I also have the feeling there is a missconception what mounted combat means. It does not mean the dismounts shoot trough firing ports. It means the squad fights from the vehicle. Which most of the time means the IFV is engaging somthing with its weapons. The dismounts can add to that by shooting their small arms from their hatches as well. It was found out that firing ports are less effective than the dismounts just standing in their hatches and shooting from there. This way they can use all their weapons. The number of hatches was reduced from four to three in the A3 version but they have better placement and are larger.

Red7272 said:

More to do with being air transportable and reducing wear when not being deployed, rather than the armour being particularly effective.

No that is the Puma. The Puma has two armor levels. Level A for airtransport and level C for combat.
In practice all are fitte with level C armor and it would only be taken off for air transport. So there is no reduction in wear and tear. The protection of level C is pretty good but not MBT good. Its one of the best protected IFV out there currently.
The Lynx is or better can be basically whatever the customer asks for.

Red7272 said:

This is an old doctrine now and pretty much the only adherents are the Germans

Well its not as old as the we transport infantry to the fight and let them fight like they allways did.
The mechanised infantry doctrine from the German army emerged during WW2 and was later refined.
Its directly linked to the manoeuver focus of German doctrine and the experience made during WW2.
The Soviet doctrin shared the same origin and adress similar issues and experiences but came to different solutions. For example the need for infantry to be able to quickly follow armor and not get seperated from them. This was one of the main weaknesses of the Red Army during WW2 and caused them extreme losses and often lead to counterattacs retaking the objective the armor just had taken.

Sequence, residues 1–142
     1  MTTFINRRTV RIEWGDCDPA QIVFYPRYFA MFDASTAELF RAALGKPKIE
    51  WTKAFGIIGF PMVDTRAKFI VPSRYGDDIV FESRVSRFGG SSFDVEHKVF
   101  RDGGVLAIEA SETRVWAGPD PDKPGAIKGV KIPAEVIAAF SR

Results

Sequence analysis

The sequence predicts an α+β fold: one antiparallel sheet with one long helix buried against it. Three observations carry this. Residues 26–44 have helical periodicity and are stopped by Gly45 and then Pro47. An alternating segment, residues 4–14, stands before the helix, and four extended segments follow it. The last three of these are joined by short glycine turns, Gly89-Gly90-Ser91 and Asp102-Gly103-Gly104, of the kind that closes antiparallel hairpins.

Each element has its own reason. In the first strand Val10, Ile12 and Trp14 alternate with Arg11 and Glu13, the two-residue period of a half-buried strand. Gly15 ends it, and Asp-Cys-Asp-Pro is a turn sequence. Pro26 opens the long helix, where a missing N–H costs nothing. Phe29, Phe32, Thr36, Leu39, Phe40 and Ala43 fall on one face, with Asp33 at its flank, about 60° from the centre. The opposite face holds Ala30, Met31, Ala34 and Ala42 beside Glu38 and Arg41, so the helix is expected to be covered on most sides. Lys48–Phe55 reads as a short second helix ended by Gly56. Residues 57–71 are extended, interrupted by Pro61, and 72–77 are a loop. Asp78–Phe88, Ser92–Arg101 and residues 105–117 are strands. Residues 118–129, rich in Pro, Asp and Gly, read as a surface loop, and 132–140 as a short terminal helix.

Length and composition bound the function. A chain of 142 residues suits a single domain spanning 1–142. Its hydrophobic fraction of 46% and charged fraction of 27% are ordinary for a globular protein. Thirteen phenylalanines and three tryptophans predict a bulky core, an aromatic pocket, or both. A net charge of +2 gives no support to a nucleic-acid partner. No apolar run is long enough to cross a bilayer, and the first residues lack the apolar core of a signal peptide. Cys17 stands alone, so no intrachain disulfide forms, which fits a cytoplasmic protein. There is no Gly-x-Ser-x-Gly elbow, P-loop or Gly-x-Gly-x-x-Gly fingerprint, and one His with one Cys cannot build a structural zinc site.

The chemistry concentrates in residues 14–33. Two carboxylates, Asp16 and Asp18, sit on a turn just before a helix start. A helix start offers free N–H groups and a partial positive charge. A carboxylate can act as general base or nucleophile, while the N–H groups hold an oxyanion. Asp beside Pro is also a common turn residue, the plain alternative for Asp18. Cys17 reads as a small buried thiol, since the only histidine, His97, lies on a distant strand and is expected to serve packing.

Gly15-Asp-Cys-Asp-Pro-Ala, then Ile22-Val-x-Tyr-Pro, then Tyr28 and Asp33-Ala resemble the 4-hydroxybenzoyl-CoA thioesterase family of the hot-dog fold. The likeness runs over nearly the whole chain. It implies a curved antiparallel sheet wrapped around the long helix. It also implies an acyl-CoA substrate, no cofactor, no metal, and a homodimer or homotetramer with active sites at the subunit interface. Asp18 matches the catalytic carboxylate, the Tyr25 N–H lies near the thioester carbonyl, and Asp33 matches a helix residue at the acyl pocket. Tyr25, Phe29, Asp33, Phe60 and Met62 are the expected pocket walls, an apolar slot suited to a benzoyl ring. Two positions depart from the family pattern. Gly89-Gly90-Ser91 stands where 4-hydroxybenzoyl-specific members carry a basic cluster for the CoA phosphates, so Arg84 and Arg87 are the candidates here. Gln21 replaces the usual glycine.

Both concider foot infantry ineffective in a manoeuver centric combined arms environment. Speed is one of the key factors. Even the Grenadiers can feel like a ball and chain on your foot when you need to push past the first objective onto the next ones during an attack/counterattack or when during delay you need to evade into the next position. This is why they need to be able to fight mounted. There often simply is no time to dismount spread out and fight on foot.

17thfabn

From: 17thfabn

29/6/22

Schnuersi

"I also have the feeling there is a missconception what mounted combat means. It does not mean the dismounts shoot trough firing ports. It means the squad fights from the vehicle. Which most of the time means the IFV is engaging somthing with its weapons. The dismounts can add to that by shooting their small arms from their hatches as well. It was found out that firing ports are less effective than the dismounts just standing in their hatches and shooting from there. This way they can use all their weapons. "

How effective are they standing up shooting from hatches? It would seem their arc of fire would be very limited. As well as trying to shoot while bouncing along.